A charitable LLC provides greater control and flexibility for the owner. A manager can make any decision allowed by the operating agreement, which means that the LLC can make investment decisions without relying on convening the non-profit members board, allowing the LLC to make riskier investments without jeopardizing the member’s financial wellbeing. It also allows the LLC to enter into contracts privately, without the same disclosure requirements of the non-profit organization. Further, the financial decisions of the charitable LLC are made as a business, and not as a non-profit. This allows the business to justify hiring top talent at competitive corporate rates rather than lesser non-profit rates or pursue a more desirable location than the non-profit’s finances would otherwise allow. The inherently flexible nature of the LLC allows for charitable entrepreneurship, allowing losses to offset the member non-profits’ investments. It also allows the non-profit to pursue for-profit ventures, or even allows the non-profit an avenue for making political contributions through the LLC. There is no public filing of the use of funds for the charitable LLC, inherently limiting oversight and accountability.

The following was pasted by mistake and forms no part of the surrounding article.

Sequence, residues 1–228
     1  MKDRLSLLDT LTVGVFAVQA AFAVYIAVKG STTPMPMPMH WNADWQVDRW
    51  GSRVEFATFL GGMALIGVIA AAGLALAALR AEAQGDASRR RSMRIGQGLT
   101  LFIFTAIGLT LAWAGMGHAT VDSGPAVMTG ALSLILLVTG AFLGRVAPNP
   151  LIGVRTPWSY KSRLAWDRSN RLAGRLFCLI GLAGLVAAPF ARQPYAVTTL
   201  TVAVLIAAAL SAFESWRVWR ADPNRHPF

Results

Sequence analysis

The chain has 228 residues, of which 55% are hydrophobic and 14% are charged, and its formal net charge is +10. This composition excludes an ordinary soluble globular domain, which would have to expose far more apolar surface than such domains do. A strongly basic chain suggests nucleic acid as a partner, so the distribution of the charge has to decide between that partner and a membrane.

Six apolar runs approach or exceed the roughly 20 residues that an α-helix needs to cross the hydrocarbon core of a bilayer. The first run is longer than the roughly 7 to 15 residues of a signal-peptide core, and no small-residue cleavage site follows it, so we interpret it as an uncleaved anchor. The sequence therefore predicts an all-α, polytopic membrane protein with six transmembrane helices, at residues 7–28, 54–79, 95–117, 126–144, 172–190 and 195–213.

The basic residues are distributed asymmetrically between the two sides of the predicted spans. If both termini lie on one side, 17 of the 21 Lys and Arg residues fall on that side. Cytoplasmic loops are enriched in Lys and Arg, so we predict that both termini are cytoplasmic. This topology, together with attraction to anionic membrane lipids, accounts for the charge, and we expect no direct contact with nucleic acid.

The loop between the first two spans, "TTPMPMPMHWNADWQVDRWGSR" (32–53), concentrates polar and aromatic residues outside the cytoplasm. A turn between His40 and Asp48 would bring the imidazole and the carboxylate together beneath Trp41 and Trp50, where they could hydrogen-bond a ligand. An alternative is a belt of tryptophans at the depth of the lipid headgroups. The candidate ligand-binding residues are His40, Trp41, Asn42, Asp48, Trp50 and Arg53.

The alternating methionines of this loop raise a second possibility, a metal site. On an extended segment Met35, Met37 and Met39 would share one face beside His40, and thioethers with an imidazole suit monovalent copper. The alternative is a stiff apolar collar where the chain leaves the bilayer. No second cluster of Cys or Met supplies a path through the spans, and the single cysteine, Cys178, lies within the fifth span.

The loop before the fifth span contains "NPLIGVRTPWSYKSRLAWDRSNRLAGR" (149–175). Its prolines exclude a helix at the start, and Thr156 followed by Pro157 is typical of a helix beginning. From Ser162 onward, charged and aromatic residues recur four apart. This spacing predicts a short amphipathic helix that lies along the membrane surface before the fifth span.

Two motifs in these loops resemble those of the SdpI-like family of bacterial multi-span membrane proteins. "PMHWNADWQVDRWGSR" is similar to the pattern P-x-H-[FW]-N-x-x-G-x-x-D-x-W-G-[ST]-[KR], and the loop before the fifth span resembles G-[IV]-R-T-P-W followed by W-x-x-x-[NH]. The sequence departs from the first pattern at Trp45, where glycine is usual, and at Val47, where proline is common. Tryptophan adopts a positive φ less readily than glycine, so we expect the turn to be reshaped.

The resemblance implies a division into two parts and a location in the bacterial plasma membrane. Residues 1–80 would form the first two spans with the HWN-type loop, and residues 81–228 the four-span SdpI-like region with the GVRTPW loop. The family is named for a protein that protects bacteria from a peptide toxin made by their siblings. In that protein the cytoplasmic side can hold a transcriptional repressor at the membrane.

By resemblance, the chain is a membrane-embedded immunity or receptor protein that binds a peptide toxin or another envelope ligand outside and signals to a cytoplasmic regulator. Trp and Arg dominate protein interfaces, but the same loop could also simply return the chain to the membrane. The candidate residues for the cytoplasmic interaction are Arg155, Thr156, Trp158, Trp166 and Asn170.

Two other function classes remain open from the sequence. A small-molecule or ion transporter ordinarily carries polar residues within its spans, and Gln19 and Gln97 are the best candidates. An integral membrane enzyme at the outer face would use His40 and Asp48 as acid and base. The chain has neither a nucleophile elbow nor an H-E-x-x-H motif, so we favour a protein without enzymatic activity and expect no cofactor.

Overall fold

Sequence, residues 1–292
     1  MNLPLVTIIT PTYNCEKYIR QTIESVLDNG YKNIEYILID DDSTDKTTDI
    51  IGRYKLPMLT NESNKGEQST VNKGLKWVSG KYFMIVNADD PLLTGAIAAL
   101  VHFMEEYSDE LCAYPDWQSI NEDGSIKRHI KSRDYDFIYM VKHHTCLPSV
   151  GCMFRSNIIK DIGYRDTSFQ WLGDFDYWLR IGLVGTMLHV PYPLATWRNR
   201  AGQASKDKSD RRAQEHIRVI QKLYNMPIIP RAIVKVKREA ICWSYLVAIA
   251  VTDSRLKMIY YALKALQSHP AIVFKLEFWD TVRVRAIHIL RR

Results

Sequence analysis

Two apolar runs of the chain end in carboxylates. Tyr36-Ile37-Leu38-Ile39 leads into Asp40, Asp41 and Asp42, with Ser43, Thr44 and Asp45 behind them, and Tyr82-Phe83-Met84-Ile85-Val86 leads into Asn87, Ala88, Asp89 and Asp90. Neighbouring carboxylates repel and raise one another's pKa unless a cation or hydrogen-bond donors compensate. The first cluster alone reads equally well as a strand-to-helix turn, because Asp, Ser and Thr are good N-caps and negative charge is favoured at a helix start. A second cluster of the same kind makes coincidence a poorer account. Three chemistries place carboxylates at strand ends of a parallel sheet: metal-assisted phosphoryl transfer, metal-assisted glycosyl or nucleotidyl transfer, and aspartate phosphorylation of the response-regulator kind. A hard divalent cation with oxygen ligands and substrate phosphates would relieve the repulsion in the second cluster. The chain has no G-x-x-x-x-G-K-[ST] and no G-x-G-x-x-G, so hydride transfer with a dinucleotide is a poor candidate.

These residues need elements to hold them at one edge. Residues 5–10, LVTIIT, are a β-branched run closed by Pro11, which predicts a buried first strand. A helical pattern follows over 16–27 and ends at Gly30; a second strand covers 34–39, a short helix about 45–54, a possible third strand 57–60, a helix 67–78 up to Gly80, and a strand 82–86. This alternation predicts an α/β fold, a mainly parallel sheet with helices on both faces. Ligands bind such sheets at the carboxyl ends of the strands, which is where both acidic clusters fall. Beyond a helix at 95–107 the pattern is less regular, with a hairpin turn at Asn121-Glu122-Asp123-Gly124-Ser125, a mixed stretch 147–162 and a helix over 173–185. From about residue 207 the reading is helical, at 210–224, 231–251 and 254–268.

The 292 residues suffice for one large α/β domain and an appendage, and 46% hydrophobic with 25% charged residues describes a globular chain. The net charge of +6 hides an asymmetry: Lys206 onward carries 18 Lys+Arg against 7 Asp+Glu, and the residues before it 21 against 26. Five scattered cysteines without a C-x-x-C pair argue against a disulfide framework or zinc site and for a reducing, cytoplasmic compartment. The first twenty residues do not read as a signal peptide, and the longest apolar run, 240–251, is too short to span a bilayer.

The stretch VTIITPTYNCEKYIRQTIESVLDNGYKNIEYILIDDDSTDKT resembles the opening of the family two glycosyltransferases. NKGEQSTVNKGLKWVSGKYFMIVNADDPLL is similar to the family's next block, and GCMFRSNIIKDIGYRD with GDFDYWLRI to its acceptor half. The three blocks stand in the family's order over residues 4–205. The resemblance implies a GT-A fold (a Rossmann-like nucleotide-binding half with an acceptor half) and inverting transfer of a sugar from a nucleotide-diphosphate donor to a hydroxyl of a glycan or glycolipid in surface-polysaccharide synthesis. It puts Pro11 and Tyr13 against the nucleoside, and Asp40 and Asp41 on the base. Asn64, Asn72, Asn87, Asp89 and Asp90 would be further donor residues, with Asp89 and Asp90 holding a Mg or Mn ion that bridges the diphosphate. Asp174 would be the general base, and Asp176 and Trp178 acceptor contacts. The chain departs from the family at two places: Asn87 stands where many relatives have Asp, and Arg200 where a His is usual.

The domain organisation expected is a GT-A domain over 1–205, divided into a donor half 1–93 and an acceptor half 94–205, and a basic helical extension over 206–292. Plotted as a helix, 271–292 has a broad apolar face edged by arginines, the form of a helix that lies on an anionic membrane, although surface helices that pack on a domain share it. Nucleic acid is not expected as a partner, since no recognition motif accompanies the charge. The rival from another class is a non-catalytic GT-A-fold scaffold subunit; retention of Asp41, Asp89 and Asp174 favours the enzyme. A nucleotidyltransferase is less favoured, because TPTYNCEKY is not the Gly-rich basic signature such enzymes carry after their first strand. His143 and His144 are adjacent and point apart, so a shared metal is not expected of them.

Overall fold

Non-profit organizations looking to create a charitable LLC need to be careful when crafting their organizational documents. There are twelve elements to include in the charitable LLC’s operating agreement, including restrictions on assignment and transfer that are not part of a typical LLC’s operating agreement. Further, different states have different requirements on fundamental language in an LLC operating agreement, giving rise to potential pitfalls when establishing a charitable LLC.